Sir James Foulis, 3rd Baronet
James Foulis, Lord Reidfurd (c. 1645–1711), was a Scottish judge and politician.
Foulis was the eldest son of Sir James Foulis, Lord Colinton, whom he succeeded as third Baronet in 1688, was born about 1645. His father ' bestowed liberally' upon his education. He studied at University of Leyden, and was admitted advocate 8 June 1669. He was appointed lord of session November 1674, when he took the courtesy title of Lord Reidfurd. His father then sat on the bench as Lord Colinton.
Foulis was elected commissioner for Edinburghshire on 20 January 1685, was a supporter of the extreme measures of the government, but continued to sit after The Glorious Revolution, 'until his seat was declared vacant, 25 April 1693, because he had not taken the oath of allegiance and signed the assurance'. After the death of William III he was made colonel of the Midlothian militia, and sworn of the privy council (1703). He opposed the union.
Foulis married Margaret, daughter of John Boyd, dean of guild, Edinburgh, by whom he had several children. On his death, in 1711, he was succeeded in the baronetcy by his eldest son James, with whom he is sometimes confounded—e.g. by Anderson. Foulis was engaged in a complex lawsuit with Dame Margaret Erskine, Lady Castlehaven, his stepmother, as to her interest in his father's estates. The chief papers were published, with notes by him, or compiled under his direction, and exhibit some details as to Scotch aristocratic life and customs of the period ('An Exact and Faithful relation of the Process pursued by Dame Margaret Areskine, Lady Castlehaven, against Sir James Foulis, now of Collingtoun,' Edinburgh, 1690). Among the Lauderdale MSS. are various official reports and addresses to Charles II and the Duke of Lauderdale, to which the signature of Foulis is appended.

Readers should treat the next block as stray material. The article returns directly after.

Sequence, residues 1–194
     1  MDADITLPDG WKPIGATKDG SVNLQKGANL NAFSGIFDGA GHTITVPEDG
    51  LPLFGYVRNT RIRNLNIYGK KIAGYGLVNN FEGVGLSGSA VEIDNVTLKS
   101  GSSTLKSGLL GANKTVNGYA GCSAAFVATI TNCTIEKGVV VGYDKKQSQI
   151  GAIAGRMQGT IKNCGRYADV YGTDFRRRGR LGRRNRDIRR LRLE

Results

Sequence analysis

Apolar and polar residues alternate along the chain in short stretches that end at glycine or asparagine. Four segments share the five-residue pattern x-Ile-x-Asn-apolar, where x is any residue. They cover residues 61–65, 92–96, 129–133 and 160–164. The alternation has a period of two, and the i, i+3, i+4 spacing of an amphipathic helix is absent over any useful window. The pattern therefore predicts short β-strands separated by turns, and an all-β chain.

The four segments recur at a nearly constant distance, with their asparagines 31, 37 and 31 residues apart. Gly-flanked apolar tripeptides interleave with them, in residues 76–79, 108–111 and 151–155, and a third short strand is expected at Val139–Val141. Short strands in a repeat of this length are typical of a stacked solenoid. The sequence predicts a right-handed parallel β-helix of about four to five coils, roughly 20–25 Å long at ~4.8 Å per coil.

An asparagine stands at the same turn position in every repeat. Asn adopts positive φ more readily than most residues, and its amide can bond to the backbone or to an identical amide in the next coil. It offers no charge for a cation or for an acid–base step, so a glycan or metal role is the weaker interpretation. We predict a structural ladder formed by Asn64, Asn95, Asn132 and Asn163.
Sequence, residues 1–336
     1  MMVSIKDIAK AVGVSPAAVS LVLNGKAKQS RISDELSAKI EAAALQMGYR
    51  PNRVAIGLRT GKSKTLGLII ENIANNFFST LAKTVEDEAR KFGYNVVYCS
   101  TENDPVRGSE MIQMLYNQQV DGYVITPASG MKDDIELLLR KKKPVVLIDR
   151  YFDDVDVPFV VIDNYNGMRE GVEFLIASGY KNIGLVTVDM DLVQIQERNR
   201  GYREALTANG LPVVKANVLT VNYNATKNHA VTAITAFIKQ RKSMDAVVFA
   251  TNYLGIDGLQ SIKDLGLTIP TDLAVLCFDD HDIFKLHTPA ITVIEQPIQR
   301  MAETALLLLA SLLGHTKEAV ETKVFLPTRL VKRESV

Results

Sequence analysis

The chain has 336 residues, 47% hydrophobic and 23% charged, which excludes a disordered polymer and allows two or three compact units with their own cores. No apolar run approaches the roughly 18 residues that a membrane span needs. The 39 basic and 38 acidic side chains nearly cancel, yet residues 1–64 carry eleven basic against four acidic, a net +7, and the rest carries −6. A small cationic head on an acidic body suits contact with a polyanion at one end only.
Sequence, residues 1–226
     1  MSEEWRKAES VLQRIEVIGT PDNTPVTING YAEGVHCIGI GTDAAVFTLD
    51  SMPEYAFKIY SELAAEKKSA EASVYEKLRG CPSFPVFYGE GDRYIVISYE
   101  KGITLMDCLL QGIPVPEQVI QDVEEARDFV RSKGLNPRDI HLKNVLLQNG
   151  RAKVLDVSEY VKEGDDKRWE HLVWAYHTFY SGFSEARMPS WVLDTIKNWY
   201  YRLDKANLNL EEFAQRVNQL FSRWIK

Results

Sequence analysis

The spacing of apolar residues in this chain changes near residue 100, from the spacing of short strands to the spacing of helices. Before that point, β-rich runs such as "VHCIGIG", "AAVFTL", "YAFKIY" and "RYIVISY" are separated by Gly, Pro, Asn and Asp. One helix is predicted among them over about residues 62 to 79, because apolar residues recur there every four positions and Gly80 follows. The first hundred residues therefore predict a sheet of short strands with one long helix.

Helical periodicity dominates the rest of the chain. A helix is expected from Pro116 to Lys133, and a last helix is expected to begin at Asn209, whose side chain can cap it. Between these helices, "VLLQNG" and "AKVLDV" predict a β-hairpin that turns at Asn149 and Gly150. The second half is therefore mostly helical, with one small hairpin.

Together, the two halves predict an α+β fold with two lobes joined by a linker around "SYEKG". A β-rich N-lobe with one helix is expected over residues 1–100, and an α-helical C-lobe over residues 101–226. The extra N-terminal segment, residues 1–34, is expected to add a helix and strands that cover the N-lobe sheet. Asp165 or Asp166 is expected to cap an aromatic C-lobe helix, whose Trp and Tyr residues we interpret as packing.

- Peacock, Index to Leyden Students, p. 37
- Foster, Parliamentary Returns